Type coercion & strict data types in PHP

Now that we have data types for return values & arguments set up, every time data is return from a function or passed to it, it will be casted, or converted, into that data type.

For example, if we call getPostText wtih the value of 1.0 which is of type float rather than int, and reload the page, we will see that everything still works!

This is because the value of $numPosts casts the value to an int. We can confirm this by calling the var_dump function to dump out the value before the function and pass in 1.0, and then within the function calling var_dump to dump out the value in the function of $numPosts. We can see that PHP is converting the value from a float to an int. This conversion is called “type coercion”. You can also see that the code executes successfully, even though we passed in code that contained a data type that was different from the type our function argument expected it to be.

Type coercion seems like a magical helper, but inactuality it can lead to a bunch of nasty errors down the line. This is because PHP is automagically converting data values to other data types in the background, and that is probably not desired when you want to write code that when given the same intput, consistently returns the same output.

You can essentially turn off this type coercion by enabling something called “strict types”. At the top of our file right after our open PHP tag, let’s call the declare construct. This declare keyword lets you set specific PHP directives for a block of code, or file, that is being exected.

We can toggle on the strict types directive by passing in strict_type, and setting it equal to 1.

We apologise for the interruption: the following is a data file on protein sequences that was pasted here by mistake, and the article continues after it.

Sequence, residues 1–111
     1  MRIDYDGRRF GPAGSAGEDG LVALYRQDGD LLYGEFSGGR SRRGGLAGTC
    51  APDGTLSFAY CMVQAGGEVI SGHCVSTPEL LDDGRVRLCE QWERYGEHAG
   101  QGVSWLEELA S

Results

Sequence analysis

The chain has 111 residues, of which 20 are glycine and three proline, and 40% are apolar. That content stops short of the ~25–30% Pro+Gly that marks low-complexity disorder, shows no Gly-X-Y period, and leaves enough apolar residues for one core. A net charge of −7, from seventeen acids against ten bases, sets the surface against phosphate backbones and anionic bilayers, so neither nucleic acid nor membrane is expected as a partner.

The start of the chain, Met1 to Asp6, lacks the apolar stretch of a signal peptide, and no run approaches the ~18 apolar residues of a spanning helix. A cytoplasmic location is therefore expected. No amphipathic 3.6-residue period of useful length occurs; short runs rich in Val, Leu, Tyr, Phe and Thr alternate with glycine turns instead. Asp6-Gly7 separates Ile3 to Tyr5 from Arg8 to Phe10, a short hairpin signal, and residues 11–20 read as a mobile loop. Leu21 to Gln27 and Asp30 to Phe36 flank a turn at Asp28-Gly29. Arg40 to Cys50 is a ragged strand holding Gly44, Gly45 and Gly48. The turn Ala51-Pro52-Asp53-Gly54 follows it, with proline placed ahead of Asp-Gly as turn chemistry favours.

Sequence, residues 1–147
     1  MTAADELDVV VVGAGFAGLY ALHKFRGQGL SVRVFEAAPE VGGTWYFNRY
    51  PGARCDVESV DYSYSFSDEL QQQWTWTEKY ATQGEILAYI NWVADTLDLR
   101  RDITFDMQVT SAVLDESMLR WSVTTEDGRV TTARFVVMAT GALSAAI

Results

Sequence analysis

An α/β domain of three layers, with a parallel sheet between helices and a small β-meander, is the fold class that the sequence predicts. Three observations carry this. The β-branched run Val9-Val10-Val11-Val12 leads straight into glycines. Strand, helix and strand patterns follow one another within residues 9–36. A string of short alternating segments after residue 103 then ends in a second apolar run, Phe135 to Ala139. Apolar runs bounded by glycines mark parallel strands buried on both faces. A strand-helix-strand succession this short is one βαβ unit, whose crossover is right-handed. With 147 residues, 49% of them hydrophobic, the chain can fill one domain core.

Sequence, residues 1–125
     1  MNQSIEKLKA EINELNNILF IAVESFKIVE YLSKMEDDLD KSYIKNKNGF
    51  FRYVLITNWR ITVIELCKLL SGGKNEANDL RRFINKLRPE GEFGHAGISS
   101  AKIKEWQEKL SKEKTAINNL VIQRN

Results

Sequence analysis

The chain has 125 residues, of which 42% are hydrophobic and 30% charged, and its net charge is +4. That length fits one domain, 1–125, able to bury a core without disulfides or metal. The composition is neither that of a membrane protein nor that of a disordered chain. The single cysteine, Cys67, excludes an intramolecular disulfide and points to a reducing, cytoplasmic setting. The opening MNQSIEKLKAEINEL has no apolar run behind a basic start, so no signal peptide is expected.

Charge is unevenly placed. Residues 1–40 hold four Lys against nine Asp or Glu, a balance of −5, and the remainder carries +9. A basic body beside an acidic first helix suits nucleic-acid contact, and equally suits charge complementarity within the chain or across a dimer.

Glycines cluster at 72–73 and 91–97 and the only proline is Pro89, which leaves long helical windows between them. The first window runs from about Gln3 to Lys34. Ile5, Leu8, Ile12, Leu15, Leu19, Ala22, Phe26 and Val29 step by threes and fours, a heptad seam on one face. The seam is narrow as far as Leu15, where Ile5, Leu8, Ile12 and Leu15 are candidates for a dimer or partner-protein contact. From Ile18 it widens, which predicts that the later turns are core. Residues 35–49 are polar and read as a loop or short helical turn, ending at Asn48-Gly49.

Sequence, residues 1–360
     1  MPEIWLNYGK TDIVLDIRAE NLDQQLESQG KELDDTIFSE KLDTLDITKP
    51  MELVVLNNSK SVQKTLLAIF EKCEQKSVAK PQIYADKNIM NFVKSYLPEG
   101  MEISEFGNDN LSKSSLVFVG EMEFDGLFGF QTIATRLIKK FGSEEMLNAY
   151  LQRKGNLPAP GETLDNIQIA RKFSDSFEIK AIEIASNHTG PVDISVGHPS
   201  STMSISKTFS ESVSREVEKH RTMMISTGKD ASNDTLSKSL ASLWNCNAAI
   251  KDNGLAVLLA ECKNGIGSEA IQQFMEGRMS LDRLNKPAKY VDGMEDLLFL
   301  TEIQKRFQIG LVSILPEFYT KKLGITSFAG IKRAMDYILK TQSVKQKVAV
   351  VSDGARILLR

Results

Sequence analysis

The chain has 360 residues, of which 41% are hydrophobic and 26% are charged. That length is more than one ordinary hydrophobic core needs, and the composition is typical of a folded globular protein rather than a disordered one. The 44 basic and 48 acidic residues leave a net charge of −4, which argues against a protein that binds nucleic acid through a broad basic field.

<?php declare(strict_types=1);
function getPosts(): array

Now when we refresh the page, we can see that the function doesn’t even execute, but a fatal error is thrown. If you want to write reliable code, this is exactly what you want to happen! You’ll see that you get a very specific error that says “Argument #1 ($numPosts) must be of type int, float given”. This is a great error because it tells you exactly what is going on.

We also see that this error occurs on line 31 of index.php, but we also see that it includes a Stack trace which tells us which code is calling this function, so we can tell the line of code that is calling this function is happening on line 21.

If we go to line 31 in our IDE, we can also see that PHPStorm is telling us that the expected parameter is of type int, float given, which is the same fatal error that is outputted when we execute our program. This is another great reason to use an IDE such as PHPStorm, because it will notify you of errors that occur before you even execute the program.

Let’s change the value passed to getPostText() back to $numPosts. We can also remove the var_dump lines because they are no longer relevant. Now when we re-execute our program by refreshing the page, we can see that no fatal errors occur because we are passing the variable into the function with the desired argument type.

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